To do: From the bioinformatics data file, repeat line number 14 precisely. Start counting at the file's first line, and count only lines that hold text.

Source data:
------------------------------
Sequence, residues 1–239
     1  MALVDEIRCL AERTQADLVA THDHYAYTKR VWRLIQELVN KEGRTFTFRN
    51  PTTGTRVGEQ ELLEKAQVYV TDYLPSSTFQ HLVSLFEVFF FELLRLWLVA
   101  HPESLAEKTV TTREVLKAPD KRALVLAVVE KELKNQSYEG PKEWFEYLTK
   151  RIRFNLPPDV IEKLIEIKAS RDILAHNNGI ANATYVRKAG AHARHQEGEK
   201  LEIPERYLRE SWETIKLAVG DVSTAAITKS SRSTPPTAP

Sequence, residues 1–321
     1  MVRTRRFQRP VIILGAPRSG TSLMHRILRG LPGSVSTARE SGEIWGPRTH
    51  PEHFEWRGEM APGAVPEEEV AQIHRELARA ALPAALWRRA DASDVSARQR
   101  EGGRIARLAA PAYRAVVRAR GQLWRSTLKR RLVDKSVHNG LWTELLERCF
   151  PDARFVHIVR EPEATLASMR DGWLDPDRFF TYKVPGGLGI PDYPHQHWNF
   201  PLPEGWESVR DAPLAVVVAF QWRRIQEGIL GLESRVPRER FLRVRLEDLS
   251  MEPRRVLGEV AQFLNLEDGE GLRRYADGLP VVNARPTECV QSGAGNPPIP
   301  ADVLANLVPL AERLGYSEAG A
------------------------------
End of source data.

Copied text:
   301  ADVLANLVPL AERLGYSEAG A